Seventy million views, a reported 30 percent increase in Volvo truck sales, a new kick-start to Van Damme’s career–what’s not to like?
The video does a lot of things right. Here are two reasons why it works so well and one thing it could have done better.
A video like this is similar to a conversation with the viewer. In any conversation, the speaker makes an implied promise to the person receiving the message. Volvo promises that the receiver will find the message worthy of attention. All persuasive messages make this implied promise but many fail to deliver, disappointing the receiver and failing to persuade. Volvo delivered. Not only were all viewers glued to the screen, they wanted their friends to see it as well. Volvo followed the first law of conversation—have something to say that people want to hear.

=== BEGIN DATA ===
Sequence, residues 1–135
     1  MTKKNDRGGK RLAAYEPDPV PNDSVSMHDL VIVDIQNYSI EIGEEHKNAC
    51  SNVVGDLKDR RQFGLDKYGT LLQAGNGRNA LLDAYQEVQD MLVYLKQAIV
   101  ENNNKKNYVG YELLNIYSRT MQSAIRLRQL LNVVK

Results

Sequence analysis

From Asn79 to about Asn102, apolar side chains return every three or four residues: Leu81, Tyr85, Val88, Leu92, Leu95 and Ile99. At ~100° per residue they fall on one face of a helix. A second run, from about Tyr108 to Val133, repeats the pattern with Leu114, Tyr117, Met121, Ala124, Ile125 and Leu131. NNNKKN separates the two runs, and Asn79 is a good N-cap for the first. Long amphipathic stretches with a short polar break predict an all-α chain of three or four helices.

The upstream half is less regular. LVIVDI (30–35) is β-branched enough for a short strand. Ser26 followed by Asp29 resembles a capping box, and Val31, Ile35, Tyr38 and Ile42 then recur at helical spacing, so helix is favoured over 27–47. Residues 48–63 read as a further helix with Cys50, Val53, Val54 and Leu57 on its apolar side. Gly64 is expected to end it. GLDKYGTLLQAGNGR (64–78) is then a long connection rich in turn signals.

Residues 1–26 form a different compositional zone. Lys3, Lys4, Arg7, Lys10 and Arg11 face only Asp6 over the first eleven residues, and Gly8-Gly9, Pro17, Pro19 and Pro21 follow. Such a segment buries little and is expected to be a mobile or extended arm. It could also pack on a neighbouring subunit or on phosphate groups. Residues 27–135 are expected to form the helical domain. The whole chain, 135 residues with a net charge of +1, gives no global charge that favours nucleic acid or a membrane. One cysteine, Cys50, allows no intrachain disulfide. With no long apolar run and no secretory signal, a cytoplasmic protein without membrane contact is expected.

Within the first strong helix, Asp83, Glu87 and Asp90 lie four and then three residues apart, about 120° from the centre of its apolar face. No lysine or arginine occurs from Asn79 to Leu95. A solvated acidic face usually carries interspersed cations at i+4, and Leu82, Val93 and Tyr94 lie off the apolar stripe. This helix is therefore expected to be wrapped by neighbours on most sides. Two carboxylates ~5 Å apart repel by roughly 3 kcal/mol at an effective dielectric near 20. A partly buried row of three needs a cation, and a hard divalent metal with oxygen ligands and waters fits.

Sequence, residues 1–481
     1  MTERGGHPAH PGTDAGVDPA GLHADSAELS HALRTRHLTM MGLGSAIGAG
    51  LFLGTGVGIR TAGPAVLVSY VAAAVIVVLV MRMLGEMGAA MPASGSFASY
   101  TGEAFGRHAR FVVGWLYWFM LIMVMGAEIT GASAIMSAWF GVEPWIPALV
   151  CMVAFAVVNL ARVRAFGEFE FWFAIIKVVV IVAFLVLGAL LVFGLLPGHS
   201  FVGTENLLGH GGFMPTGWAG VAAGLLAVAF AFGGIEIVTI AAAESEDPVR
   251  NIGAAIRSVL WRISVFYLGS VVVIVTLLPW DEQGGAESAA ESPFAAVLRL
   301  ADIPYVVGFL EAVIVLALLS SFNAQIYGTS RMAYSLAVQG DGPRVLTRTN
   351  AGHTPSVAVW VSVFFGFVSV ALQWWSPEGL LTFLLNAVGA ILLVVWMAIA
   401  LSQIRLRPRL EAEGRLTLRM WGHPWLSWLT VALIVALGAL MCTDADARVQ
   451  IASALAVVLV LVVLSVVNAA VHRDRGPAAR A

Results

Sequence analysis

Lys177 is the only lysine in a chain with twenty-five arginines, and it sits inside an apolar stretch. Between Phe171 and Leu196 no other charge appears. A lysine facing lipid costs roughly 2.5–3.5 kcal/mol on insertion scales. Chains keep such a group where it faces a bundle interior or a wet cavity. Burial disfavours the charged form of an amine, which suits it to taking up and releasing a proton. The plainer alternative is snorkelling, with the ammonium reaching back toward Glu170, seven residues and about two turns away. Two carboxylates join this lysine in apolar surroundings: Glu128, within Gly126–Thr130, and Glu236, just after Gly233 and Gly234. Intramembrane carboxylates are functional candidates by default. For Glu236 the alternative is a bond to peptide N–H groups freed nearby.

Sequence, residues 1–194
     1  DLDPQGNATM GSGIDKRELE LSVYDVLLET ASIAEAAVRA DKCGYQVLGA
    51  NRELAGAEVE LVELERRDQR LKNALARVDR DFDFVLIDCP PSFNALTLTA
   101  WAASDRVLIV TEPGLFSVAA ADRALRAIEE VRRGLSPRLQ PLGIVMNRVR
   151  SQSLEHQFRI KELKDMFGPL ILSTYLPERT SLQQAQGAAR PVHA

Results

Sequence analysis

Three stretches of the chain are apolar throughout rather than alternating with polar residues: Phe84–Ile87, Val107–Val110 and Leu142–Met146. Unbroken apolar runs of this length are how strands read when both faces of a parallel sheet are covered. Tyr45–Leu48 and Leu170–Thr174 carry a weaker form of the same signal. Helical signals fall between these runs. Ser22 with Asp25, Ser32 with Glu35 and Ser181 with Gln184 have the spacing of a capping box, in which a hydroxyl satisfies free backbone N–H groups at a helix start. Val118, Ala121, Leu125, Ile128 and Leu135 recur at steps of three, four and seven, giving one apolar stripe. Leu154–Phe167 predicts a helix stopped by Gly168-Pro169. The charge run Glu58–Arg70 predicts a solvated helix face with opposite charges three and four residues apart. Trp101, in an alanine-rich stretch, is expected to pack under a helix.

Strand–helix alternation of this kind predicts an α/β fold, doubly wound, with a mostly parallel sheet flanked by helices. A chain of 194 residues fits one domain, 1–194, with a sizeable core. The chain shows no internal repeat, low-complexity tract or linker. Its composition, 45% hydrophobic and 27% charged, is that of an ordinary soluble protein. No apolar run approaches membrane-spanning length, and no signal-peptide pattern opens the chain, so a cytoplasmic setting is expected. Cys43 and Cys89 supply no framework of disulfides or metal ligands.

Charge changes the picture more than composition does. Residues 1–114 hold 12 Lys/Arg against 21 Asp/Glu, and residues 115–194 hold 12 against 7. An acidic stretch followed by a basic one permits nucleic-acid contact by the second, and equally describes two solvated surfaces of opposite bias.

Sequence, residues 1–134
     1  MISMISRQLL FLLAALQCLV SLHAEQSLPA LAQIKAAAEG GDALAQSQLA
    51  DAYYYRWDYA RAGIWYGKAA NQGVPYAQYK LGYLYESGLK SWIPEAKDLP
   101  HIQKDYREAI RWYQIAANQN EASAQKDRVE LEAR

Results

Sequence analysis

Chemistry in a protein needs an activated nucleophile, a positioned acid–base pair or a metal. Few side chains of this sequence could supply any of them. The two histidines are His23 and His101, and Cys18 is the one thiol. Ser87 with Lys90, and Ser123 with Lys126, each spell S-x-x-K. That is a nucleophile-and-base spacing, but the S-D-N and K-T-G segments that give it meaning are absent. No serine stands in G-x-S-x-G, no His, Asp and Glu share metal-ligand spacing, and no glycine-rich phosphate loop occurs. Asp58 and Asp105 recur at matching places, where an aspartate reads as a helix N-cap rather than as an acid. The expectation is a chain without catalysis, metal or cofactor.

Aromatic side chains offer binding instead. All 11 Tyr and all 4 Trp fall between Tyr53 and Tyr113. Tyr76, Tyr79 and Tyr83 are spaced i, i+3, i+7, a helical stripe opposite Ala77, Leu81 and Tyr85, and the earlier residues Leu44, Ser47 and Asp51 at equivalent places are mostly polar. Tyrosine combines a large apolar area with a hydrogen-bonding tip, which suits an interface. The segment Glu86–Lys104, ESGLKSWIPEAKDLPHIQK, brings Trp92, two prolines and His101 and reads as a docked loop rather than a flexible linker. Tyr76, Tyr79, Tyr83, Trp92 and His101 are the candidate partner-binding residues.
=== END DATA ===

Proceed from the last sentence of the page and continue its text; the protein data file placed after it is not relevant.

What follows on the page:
Secondly, Volvo showed people how to feel the way they want to feel. In the future, the viewer will associate driving a Volvo truck with the awesome control, confidence and capability they see both the truck and Van Damme display. By driving a Volvo truck, the viewer can earn a little of Van Damme’s swagger. The music’s eerie combination of calmness and danger enhances the feeling.
But there’s one aspect that Volvo could have handled better. The most effective conversations never say what receivers themselves can provide. When you tell people something they can figure out for themselves, you come off as condescending, possibly insulting. Why superimpose, “This test was set up to demonstrate the stability and precision of Volvo Dynamic Steering–isn’t that obvious? Why not just super a Volvo logo? If people needed help figuring anything out, it was the answer to the question of who makes those amazing trucks.